In recent years, several class-action lawsuits have been filed against manufacturers of IVC Filters. Since 2012, class-action lawsuits were filed in California, Indiana, Philadelphia and Arizona, and other individual lawsuits elsewhere. Most cite C.R. Bard and Cook Medical as defendants, and charges include negligence and failure to warn consumers of danger. It is alleged that the manufacturer Bard knew of the dangers prior to 2004, but kept that knowledge secret and did not alert the public. In 2012, lawsuits against manufacturer Cook Medical were consolidated into multi-district litigation in Indiana. There were around 100 lawsuits pending, with many remaining open. In 2015, Bard settled with one plaintiff shortly after the trial started.

Lawsuit claims included:

  • Negligence, misrepresentation
  • Failure to warn consumers
  • Device migration and fracturing
  • Pain and suffering, emotional trauma, loss of consortium, loss of normal lifestyle
  • Lost wages
  • Disability, impairment, disfigurement

IVC Filter Attorney

When things go wrong with a product and it fails to perform as promised, causes bodily harm, emotional trauma or death, the wronged parties can file a lawsuit to recover fair monetary compensation for claims related to that event. For this type of lawsuit, consult with an experienced Personal Injury Attorney for best results. They understand the details of state and federal laws that apply to your case, and they have the knowledge and skills needed to present a winning case for settlement or litigation. If you are eligible for any class-action lawsuits involving that product, they will help you become part of the action. Personal Injury cases generally are accepted on a contingency fee basis, which means you pay nothing when your case is won, other than a few small office fees.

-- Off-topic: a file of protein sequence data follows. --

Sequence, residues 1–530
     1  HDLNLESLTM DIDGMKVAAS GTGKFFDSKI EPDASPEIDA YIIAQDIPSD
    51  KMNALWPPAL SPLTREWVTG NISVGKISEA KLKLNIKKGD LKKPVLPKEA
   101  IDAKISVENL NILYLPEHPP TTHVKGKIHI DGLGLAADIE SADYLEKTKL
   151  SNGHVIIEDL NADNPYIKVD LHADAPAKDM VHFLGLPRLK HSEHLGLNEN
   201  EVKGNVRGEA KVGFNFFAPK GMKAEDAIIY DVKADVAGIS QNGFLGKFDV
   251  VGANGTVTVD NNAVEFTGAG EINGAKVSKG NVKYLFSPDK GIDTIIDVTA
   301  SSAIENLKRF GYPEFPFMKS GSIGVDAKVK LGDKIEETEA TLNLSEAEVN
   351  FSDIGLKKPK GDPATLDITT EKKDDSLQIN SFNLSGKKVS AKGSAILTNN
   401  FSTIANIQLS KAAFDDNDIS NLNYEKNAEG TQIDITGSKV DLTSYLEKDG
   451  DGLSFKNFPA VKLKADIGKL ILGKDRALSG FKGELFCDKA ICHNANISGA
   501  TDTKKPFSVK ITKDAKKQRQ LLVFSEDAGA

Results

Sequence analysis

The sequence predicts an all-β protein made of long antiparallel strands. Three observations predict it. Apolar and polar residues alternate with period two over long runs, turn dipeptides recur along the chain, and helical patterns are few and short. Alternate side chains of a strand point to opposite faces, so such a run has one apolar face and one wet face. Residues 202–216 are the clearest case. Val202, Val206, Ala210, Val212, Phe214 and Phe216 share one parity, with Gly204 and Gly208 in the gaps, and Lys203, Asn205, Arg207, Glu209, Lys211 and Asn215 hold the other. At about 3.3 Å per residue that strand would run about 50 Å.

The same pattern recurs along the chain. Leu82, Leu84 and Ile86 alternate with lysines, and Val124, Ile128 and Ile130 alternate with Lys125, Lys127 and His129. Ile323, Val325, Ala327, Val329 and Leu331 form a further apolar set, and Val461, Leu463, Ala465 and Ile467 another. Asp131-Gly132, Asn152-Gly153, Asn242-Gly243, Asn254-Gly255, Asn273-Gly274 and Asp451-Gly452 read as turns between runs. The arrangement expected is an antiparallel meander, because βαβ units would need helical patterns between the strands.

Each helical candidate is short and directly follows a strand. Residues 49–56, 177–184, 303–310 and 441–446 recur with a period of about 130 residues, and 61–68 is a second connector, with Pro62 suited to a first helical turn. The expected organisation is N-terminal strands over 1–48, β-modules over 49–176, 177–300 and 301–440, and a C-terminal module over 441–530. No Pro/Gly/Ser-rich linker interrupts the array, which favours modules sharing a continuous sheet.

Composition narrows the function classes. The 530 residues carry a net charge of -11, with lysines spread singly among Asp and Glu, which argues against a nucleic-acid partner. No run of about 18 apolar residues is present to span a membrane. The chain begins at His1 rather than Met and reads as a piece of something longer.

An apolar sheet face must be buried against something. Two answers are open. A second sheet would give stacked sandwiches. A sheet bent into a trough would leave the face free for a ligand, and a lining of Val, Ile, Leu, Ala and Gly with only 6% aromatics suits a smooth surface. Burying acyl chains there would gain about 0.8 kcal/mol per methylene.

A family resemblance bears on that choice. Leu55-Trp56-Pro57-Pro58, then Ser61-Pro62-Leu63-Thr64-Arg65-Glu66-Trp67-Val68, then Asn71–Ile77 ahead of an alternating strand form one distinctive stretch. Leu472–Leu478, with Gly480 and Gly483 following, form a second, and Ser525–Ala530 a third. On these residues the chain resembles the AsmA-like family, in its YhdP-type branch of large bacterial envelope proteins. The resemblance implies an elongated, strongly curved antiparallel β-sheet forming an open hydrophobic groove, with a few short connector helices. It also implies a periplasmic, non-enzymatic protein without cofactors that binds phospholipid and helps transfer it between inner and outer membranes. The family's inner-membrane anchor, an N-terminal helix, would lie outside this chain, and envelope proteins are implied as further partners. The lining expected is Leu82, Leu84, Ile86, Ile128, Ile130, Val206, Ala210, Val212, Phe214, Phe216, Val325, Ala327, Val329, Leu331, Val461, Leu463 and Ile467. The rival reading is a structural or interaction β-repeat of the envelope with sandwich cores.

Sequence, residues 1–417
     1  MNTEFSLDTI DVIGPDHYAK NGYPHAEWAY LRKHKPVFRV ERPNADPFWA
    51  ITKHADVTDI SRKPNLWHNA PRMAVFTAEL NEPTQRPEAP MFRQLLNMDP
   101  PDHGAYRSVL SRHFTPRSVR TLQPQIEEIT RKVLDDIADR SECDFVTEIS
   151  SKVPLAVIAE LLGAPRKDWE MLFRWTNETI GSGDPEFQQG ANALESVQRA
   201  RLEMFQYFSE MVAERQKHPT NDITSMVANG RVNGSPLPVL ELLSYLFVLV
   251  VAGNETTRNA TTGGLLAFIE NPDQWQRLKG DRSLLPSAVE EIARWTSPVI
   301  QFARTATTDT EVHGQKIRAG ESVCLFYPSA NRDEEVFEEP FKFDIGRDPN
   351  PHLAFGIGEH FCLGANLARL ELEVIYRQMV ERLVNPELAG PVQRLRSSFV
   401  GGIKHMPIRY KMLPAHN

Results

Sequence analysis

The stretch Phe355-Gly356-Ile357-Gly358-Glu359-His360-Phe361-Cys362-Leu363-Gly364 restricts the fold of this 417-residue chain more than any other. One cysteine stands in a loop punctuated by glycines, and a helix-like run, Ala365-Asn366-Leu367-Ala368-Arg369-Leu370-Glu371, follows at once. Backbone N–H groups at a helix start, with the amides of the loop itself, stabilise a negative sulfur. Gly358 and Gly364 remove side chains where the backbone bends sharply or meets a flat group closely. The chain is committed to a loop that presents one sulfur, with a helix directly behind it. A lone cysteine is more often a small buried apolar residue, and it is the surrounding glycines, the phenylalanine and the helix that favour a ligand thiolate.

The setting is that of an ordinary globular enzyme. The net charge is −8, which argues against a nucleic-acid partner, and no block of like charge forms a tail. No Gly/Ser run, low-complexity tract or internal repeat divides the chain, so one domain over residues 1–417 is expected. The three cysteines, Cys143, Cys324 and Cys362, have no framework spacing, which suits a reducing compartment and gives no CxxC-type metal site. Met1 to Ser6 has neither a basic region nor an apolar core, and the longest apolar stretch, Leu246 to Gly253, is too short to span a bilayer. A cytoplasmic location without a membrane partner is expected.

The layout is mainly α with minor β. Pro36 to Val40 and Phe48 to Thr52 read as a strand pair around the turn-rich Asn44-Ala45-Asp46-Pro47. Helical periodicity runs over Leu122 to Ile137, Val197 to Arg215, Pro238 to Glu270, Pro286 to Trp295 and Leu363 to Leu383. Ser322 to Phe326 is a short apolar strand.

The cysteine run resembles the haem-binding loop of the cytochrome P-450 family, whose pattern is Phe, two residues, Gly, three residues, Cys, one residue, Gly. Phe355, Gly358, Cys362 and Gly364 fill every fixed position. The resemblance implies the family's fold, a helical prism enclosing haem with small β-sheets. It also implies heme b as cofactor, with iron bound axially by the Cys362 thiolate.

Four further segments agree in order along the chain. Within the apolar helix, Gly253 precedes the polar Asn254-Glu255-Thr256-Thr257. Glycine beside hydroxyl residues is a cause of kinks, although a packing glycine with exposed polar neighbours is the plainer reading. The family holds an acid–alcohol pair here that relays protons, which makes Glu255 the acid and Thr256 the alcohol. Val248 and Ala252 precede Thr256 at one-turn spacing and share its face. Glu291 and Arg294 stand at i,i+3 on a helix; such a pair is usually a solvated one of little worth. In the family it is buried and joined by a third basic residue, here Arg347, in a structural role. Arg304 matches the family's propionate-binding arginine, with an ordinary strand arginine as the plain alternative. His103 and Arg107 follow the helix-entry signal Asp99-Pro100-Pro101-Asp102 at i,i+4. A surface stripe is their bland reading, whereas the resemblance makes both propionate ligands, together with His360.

When negligent behavior affects and disrupts your life or harms a loved one, you deserve fair compensation. Your best choice is an attorney with a winning track record in the area of law that regulates your case. Our Personal Injury Attorney has helped many others who suffered harm from IVC Filters. Begin now, with a free consultation to discuss your concerns in confidence with this compassionate legal professional.